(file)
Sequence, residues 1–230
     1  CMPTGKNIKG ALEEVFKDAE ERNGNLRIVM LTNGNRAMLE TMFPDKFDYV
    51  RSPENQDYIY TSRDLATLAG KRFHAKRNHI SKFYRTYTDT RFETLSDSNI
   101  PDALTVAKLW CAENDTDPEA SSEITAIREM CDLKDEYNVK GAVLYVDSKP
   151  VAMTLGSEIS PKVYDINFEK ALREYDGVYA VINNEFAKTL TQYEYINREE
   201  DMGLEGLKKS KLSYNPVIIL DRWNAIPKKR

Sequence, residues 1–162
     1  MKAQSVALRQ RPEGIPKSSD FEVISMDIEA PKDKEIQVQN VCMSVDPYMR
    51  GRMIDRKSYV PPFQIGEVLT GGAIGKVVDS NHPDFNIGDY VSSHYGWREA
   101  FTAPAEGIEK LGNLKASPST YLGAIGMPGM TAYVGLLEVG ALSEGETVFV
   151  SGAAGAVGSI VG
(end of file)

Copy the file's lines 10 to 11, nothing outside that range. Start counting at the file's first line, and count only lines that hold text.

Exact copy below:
   101  FTAPAEGIEK LGNLKASPST YLGAIGMPGM TAYVGLLEVG ALSEGETVFV
   151  SGAAGAVGSI VG